New construction 'poses threat to property prices'

The number of flats and townhouses completed last year ballooned by 51.4 percent year on year. This posed a potential threat to house price growth, Standard Bank warned yesterday.

It attributed the strong growth partly to base effects following four years of declining growth.

But Sibusiso Gumbi, a research strategist at Standard Bank, said yesterday that strong building activity might emerge as an additional source of downside pressure on house prices in the future if these building trends were not met by adequate demand.

Gumbi said the real value of completed residential buildings increased by 6.6 percent year on year in the first quarter of this year from minus 0.8 percent in the fourth quarter.

In addition, 825 houses of 80m² or less were completed in the first quarter, a 20.8 percent improvement on the corresponding quarter last year.

Gumbi said construction of flats and townhouses was also robust, with a 12 percent yearon-year improvement in the first quarter.

In the first quarter, 162 fewer dwellings larger than 80m² were completed, which represented a 5.8 percent year-onyear contraction, he said.

However, Jacques du Toit, a property analyst at Absa, was not concerned about the level of activity in the flat and townhouse segment and warned that percentage changes could give a false impression, particularly if off an extremely low base.

Du Toit said the number of flat and townhouse plans that had been approved dropped year on year by 10.6 percent in 2008, by 44.2 percent in 2009 and by 25.7 percent in 2010.

The number of building plans approved for flats and townhouses was 12 275 in 2010 - more than 50 percent lower than the 33 113 approved in 2007, he said.

The number of building plans approved for flats and townhouses improved by 20 percent in 2011 and by a further 4.8 percent last year.

But Du Toit said the level of approvals last year - at 15 432 - was still more than 50 percent lower than the number of approvals in 2007.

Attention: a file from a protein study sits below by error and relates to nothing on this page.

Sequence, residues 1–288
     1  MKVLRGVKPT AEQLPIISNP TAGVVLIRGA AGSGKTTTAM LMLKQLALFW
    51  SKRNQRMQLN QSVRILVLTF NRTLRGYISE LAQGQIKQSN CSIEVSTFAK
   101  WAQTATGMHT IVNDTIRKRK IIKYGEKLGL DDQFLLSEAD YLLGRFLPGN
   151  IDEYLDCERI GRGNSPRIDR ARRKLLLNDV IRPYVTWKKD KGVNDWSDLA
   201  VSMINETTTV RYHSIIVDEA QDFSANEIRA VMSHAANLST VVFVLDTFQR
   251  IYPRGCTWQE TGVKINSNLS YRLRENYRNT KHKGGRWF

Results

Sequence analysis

Du Toit said the segments of the market that were growing the most were houses smaller than 80m², and flats and townhouses. There was a move away from houses larger than 80m².

He attributed this to affordability and lifestyle changes.

The flat and townhouse market was improving, particularly in metropolitan areas, because there was insufficient land for development and because of the increasing cost of land, services and transport.

The move away from houses larger than 80m² was caused not only by the cost of buying these houses and paying off the home loans but by the associated running costs, including rising electricity prices and rates and taxes.

Du Toit said Statistics SA data showed that 73 percent of all new residential property that had been built since 1994 was houses smaller than 80m² and flats and townhouses.

This trend has resulted in independent mortgage provider SA Home Loans yesterday announcing its entry into the affordable housing market.

It is offering 100 percent loans over 20 years to qualifying customers. The loans will have variable interest rates.

It said it had reduced its minimum property size to take into account the trend to smaller properties.

SA Home Loans chief executive Kevin Penwarden said affordable housing was an important segment of the market, with properties valued between R250 000 and R500 000 making up more than a quarter of all registered residential properties.

(Business Report)

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